Emmitt Smith and Jesse Iwuji Taking on NASCAR Competition Is a Nod to Wendell Scott, a Pioneer in Racing

Though it would have required some wrangling, Jesse Iwuji might have acquired the “22” from the currently parked Team Penske Xfinity Ford, making for a nice acknowledgment of co-owner Emmitt Smith. After all, Michael Jordan’s No. 23 didn’t attach itself to Bubba Wallace’s NASCAR Cup Series car by accident.

But Iwuji and Smith, the Pro Football Hall of Fame running back, chose not to go that route. Rather, Iwuji launches his first full season driving in the Xfinity Series with the No. 34 slapped on his door.

For as good as No. 22 was carrying the football for the Dallas Cowboys, seeing the “34” on the track figures to be a lot more meaningful.

Jesse Iwuji has a big NASCAR Xfinity season in front of him

NASCAR driver Jesse Iwuji poses for a photo during NASCAR Production Days on Jan. 18, 2022, in Concord, North Carolina. | Chris Graythen/Getty Images

Well over 100 drivers competed in NASCAR’s three national series a year ago. Only two were Black athletes. And only one is a lieutenant commander in the Navy Reserve who played safety for the Naval Academy.

The nature of his dual career requires Jesse Iwuji to split his time, which is why he was in Los Angeles to handle military obligations one day last week and in North Carolina the next to kick off his racing season with the unveiling of his car. Smith is part-owner of the Camaro team, which is headquartered for now at Johnny Davis Motorsports.

Naturally, the subject of race arose since Iwuji and Bubba Wallace will be the only full-time drivers in NASCAR’s major 2022 series.

“First there was one, now there’s two, and hopefully there gets to be three, four, five, six,” Iwuji told The Associated Press. “It won’t grow unless people see that it is even possible. When I was growing up, people asked me, ‘Why didn’t you start racing when you were a little kid?’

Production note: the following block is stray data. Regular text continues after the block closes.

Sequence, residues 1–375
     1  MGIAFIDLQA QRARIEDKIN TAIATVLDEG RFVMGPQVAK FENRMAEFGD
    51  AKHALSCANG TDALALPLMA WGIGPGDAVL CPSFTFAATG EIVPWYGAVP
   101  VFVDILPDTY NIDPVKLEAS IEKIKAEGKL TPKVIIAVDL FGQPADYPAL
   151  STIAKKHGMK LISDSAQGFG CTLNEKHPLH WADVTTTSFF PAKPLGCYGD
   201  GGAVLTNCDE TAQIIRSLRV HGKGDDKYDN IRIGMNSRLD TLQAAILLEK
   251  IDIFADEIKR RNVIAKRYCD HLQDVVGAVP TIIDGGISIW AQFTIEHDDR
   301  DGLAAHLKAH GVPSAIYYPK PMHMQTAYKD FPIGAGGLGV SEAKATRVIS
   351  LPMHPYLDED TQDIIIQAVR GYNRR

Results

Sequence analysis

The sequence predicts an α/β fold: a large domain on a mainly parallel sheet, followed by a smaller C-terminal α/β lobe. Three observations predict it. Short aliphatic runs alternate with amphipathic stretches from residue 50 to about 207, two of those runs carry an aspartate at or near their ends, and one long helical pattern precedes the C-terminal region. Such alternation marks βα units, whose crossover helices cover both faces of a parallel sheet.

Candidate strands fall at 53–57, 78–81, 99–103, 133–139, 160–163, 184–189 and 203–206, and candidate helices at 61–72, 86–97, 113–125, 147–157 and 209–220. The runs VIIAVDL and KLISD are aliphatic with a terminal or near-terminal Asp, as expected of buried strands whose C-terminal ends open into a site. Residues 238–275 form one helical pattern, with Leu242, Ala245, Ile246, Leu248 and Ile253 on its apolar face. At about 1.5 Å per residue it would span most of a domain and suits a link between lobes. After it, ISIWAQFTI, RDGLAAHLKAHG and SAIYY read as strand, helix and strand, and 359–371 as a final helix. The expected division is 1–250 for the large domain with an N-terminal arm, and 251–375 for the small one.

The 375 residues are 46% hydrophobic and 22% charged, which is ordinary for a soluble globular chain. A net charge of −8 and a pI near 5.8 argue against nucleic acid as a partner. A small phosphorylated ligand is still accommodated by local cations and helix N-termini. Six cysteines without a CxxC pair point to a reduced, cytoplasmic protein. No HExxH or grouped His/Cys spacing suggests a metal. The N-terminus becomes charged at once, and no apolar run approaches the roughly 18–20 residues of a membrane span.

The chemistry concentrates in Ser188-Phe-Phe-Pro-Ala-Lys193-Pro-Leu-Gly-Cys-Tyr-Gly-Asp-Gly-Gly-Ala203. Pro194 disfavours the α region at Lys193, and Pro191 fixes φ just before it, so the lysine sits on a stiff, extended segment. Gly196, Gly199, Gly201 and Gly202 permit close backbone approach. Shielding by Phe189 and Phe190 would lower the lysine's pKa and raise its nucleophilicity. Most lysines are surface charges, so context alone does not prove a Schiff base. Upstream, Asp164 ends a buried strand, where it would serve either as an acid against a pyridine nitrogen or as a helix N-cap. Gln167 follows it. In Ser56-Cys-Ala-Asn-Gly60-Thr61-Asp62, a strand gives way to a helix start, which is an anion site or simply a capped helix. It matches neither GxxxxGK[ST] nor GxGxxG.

“Well, I didn’t see Black people. If I didn’t see anyone in there, I couldn’t envision myself in there. I saw people like me in football, so I played football.”

There may be 8- and 10-year-olds who see Iwuji. And just maybe they’ll also hear about Wendell Scott and become even more inspired and determined.

The No. 34 Xfinity Series car pays tribute to Wendell Scott

The unveiling of Jesse Iwuji’s No. 34 Chevy understandably focused on what the short-term future might hold for the team as he makes his first run at a full season in the Xfinity Series. But it was also an acknowledgment of Wendell Scott, the first Black driver to win a NASCAR Cup Series race.

Franklin Scott, the son of the Hall of Fame driver, attended the announcement and spoke briefly about seeing the significance of seeing his father’s old car side-by-side with Iwuji’s Camaro at the NASCAR Hall of Fame.

“I’d be remiss if I didn’t say this sitting there, looking at all the cars in this hall,” he said, according to NBC Sports. “The only car in here that doesn’t have a sponsor on it is that 34. The only car. My father never had sponsorship, but he reached the pinnacle of his career off determination and guts and perseverance and humility. These are words he taught us to use.”

Then, he turned to Iwuji and told him to stay positive no matter how difficult it will be to compete at first.

“I just want to encourage you to give yourself patience to learn because you’re not going to learn it all in one year.”

Franklin Scott

Jesse Iwuji has a few things going for him to start the season

Attaching Emmitt Smith’s name to his team will help some, but the support of General Motors and the acquisition of engines through Hendrick Motorsports will help even more as Jesse Iwuji races in the Xfinity Series this season.

Already, there has been some string-pulling. Veteran Cup Series crew chief Jason Houghtaling is aboard, and Iwuji said the team acquired points from a Johnny Davis Motorsports-owned car that finished 26th last year. That will get him into the field for the Feb. 19 Xfinity opener at Daytona International Speedway.

“It’ll be nerve-wracking running Daytona the first time for me in the Xfinity Series,” Iwuji admitted. “To be in the draft with highly experienced drivers and competing, we’ll be finding our way, figuring out where we fit. It’s going to be tough and won’t be easy, but it’s going to be fun.”

Said Smith: “We got a late start, but we’re here. As Jesse gets more comfortable around the car and the crew get comfortable with him, then we’ll see where we are. I’m sure if there’s an opportunity to fly to the top, we’ll fly to the top. I’m excited about where we are.”

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